Tuesday, January 13, 2009

Johny Fedora and Alice Bluebonnet

The following story was published within the past year and was inspired by my granddaughter. She is now five and whenever she comes to visit, which may be just a couple of times a year, we sit together in my recliner (snug as bugs in a rug) we watch "Make Mine Music". Twice a year isn't too much for this classic Disney..

Terry Stephan

Changing Lanes: Fedora
Left to my own devices I would never chose to watch an animated show of any kind. I have never thought of them as an art form. The last one I enjoyed was “Lady and the Tramp”, which I saw when I was six.
Whenever my four-year-old granddaughter Paige comes to visit, she climbs into the easy chair with me and asks if we can watch her favorite movie together.
What she wants to watch is an animated film Disney originally released in 1946. Walt Disney Studios were as labor starved as other industries in World War II. They had very little “product”, but were able to put together a collection of short, unrelated, “scraps” to make a feature presentation entitled “Make Mine Music”.
My granddaughter loves the film. Theaters played “Make Mine Music” at a time when America and the rest of the world was done with war and were starved for entertainment.
Paige and I enjoy all of the animated segments which include among other things, a great musical version of the poem “Casey at the Bat” and a translated, Russian adaptation of “Peter and the Wolf”.
Our favorite part though, follows a classic story line. A couple meets, fall in love, become separated, but are reunited in the end.
The name of the story is “Johnny Fedora and Alice Bluebonnet”. It sounds terribly silly; the romance is between two hats who meet while on sale in a hat shop. (The silliness is part of the reason I don’t watch animated movies until coerced by a four-year-old).
Johnny loses Alice when she is purchased for $23.
There is a happy conclusion to the story, but lots of pathos, a near drowning, and even a bar fight. Johnny Fedora comes very close to having part of his brim amputated on the way to the couples’ joyful reunion.
As my granddaughter and I enjoy the 1940’s soundtrack, sung by the Andrews Sisters, I wonder if my parents saw the movie when it first came out.
With the massive movement of people all over the world, lives lost, and families torn apart it must have been a ripe time for people to sympathize with the lovers in this cartoon.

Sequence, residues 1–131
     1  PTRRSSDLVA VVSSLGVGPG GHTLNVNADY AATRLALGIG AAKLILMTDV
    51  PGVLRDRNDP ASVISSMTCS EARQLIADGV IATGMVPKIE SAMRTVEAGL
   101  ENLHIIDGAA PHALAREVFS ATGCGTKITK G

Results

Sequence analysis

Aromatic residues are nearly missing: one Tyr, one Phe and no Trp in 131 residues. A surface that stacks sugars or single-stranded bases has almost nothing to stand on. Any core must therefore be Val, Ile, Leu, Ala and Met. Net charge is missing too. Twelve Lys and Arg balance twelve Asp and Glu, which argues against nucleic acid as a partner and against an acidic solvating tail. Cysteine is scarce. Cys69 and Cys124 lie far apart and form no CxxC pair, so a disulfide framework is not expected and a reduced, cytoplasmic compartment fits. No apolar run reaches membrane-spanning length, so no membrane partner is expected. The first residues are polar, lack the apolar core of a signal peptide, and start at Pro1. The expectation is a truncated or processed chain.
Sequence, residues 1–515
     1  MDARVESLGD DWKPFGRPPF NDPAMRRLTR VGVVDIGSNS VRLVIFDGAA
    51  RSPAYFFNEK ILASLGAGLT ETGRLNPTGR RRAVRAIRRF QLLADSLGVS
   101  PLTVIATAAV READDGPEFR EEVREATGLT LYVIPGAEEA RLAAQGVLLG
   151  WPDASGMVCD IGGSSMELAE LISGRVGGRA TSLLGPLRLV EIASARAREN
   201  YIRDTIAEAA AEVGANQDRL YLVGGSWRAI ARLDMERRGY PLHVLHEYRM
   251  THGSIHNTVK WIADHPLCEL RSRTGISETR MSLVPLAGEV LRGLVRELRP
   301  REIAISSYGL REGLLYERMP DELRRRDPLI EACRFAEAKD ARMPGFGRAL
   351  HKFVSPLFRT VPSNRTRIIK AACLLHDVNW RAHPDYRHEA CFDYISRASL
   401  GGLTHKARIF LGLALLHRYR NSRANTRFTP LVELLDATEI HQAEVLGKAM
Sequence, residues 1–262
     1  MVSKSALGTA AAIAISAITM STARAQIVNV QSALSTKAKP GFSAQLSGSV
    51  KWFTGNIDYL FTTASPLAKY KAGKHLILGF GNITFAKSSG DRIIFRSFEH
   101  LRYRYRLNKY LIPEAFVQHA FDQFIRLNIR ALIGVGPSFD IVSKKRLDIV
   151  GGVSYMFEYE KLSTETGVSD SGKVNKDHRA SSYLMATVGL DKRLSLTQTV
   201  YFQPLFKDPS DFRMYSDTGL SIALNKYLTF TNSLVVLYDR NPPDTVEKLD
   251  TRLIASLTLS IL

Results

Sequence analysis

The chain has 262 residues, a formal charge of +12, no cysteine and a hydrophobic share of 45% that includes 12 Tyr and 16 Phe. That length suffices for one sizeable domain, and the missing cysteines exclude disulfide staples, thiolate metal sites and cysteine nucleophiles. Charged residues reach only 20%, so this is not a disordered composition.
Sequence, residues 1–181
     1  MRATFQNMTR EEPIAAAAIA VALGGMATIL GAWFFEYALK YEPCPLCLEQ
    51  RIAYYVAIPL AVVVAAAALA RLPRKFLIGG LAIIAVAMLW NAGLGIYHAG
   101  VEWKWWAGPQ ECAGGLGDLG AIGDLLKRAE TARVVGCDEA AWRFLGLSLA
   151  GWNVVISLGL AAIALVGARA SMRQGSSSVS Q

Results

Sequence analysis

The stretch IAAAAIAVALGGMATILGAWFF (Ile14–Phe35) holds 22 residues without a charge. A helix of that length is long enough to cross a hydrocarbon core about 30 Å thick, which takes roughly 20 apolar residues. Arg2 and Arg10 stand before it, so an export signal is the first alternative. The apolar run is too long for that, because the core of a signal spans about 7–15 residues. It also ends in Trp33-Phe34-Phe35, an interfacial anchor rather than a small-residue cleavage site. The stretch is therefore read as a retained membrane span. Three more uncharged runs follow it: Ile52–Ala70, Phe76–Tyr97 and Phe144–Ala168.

In 1946, my parents were essentially newlyweds. They had been married a few years but spent just a few wedded days together before my dad was shipped off to Europe.
For a short time after the war, the US Army stationed my father ‘stateside’. My parents stayed in a cottage near the beach in Florida until he was discharged.
Later, growing up in rural Western NY, we kids knew that the small, clear glass jar of reddish beach sand, sitting on a shelf, was part of our parents’ early history. They had been reunited after the war, in far off mysterious Florida.
They went to the movies often in their early-married years and I like to imagine they saw the story of Alice Blue Bonnet and Johnny Fedora.
If my parents did see it, I wonder about the effect, however small, the story had on them. Did it remind them of their own separation? Did it instill romantic feelings for one another?
It is somewhat amusing that my four-year-old granddaughter showed me the artistic value of a 60-year-old Disney release.
I wonder if, when I am just a memory, she will sit with her grandchildren and watch a silly, hundred-and-something-year-old animated story about a couple of hats.
Maybe animated movies are more enduring an art form than I thought.

Friday, January 9, 2009

Fat be Gone

OK, so I broke down and made a resolution again to loose weight this year. I've been involved with most diets over the years, either by joining the groups or reading the books and following the instructions. I've even gone to numerous Over eaters Anonymous meetings, and studied it's little known alternative Rational Recovery. I've picked up bits and pieces of the puzzle at all these places but have never maintained the weight I wanted.
I watch television which is geared to weight loss and better health, hoping to gain a tidbit here and there to help me loose. This includes "The Bigest Loser" and the stray Ophra show concerning the subject, when I know one is going to be on.